The positive emotions are an openness and a willingness to engage more with others and with the system. Macro social structures that set people up for success in verifying their identities will elicit commitment toward that system.  This can be done by promoting broad and open classifications of identity that everybody starts to accept, like in a pluralistic diverse society.  Positive emotions are usually played out on the spot, not harboured as a hidden syndrome.  After long success they may become embedded in the personality, and then are often present.

Some say that humans are more complex than this.  They consciously manipulate their identity to achieve the desired result.  I would say of course, but going deeper nobody really knows who they are.  We are all testing our identity with the other, at some level.

People experiencing negative emotions might still be engaged with the social system and they may change and mould, or choose another identity to better fit in. They also gravitate toward other more accepting groups, or stay at home. These negative emotions are likely to become suppressed.  They can be suppressed by minimising their importance with self talk, or by quickly moving off of them onto another (often obsessive) activity. One thing about repressing emotion is that it is a form of a shut down.  Therefore the person becomes less attuned to themselves and to others.  Imagine a society that gets little verification from each other, the whole society becomes detached and dysfunctional in their partial shut down.  Often those societies have prohibitions about acknowledging shame and emotion. This is either because of a limited justice system, macho values or government prohibitions on (suppression of) disagreeing minority voices.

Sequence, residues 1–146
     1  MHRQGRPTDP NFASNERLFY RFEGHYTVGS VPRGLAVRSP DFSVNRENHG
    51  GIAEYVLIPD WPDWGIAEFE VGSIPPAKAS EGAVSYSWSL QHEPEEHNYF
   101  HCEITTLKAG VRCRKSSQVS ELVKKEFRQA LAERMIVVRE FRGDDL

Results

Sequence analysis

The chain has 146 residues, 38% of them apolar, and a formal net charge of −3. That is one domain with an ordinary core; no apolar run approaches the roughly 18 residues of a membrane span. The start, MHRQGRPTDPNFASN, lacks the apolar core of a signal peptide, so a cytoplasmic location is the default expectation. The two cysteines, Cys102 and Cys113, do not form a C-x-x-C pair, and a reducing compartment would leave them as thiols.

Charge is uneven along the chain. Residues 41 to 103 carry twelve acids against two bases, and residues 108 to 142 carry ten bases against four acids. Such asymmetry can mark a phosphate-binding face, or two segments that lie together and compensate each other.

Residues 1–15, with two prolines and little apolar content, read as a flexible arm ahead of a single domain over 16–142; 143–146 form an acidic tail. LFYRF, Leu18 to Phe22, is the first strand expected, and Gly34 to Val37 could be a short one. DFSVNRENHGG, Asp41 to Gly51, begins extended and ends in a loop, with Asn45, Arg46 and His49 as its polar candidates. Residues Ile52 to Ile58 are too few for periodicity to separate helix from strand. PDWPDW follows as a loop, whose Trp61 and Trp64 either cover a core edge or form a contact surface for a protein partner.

The repressed emotion is often transmuted into anger or hate, when it pops up inside. One of the best ways to handle anger has been to attribute it to someone else.  Negative emotions generate prejudices towards culture and categories of people, and loss of commitment toward the social structure.  This causes conflicts, ethnic violence, and mass mobilisations of angry persons. This explosive tendency can erupt anywhere in society.  Armies take over and further repress the population, which reinforces the lack of identity verification.

One thing to remember is that even though we may have a vast repertoire of these identities, they are being established by the reactions of the other.  By now we have lost touch with this process, and think that they, and their associated emotions are true.  I believe that by watching this process one can realise that the shame of not being accepted is not so severe after all.  (Dis-identify)  Maybe other people have a right to their opinions, or they are carrying their own heavy burden of non-discharged emotion.  Projection is the natural result.  We can realise that really we have no identity, and these are just manifestations of living together.

We can also acknowledge that we do operate with identities in society, and we can mould them both within ourselves and externally, through dialogue, new laws promoting more equal treatment, and constant modifications to our own and the other’s rhetoric.  We don’t have to act out the identities that others project upon us, nor be subjugated by them.